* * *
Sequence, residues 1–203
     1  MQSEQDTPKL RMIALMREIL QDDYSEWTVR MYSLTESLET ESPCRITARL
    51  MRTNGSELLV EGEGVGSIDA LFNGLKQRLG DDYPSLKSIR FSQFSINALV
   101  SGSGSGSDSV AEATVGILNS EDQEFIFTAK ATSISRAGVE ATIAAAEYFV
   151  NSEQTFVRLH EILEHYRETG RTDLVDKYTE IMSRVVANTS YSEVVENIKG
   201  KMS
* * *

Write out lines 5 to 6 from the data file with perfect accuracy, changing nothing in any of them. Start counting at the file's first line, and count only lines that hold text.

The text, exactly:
   151  NSEQTFVRLH EILEHYRETG RTDLVDKYTE IMSRVVANTS YSEVVENIKG
   201  KMS